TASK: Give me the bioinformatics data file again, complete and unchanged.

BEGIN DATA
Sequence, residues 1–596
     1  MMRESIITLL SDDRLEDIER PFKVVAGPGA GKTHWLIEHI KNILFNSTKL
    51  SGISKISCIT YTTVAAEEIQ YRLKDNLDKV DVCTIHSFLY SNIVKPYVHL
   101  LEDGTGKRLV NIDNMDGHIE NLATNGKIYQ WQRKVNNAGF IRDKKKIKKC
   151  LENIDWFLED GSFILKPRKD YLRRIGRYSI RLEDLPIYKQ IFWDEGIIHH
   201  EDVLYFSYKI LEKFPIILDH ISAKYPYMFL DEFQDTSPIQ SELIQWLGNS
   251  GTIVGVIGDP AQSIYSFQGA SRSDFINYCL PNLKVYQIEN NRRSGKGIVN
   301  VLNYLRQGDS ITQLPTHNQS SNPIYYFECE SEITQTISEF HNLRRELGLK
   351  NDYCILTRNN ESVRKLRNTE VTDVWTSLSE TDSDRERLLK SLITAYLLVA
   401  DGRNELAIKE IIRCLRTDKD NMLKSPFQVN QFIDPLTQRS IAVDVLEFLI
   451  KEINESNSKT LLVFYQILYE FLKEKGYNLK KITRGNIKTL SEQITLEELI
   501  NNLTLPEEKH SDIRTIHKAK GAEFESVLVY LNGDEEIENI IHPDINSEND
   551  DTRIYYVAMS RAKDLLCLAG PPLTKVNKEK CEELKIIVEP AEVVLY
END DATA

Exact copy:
Sequence, residues 1–596
     1  MMRESIITLL SDDRLEDIER PFKVVAGPGA GKTHWLIEHI KNILFNSTKL
    51  SGISKISCIT YTTVAAEEIQ YRLKDNLDKV DVCTIHSFLY SNIVKPYVHL
   101  LEDGTGKRLV NIDNMDGHIE NLATNGKIYQ WQRKVNNAGF IRDKKKIKKC
   151  LENIDWFLED GSFILKPRKD YLRRIGRYSI RLEDLPIYKQ IFWDEGIIHH
   201  EDVLYFSYKI LEKFPIILDH ISAKYPYMFL DEFQDTSPIQ SELIQWLGNS
   251  GTIVGVIGDP AQSIYSFQGA SRSDFINYCL PNLKVYQIEN NRRSGKGIVN
   301  VLNYLRQGDS ITQLPTHNQS SNPIYYFECE SEITQTISEF HNLRRELGLK
   351  NDYCILTRNN ESVRKLRNTE VTDVWTSLSE TDSDRERLLK SLITAYLLVA
   401  DGRNELAIKE IIRCLRTDKD NMLKSPFQVN QFIDPLTQRS IAVDVLEFLI
   451  KEINESNSKT LLVFYQILYE FLKEKGYNLK KITRGNIKTL SEQITLEELI
   501  NNLTLPEEKH SDIRTIHKAK GAEFESVLVY LNGDEEIENI IHPDINSEND
   551  DTRIYYVAMS RAKDLLCLAG PPLTKVNKEK CEELKIIVEP AEVVLY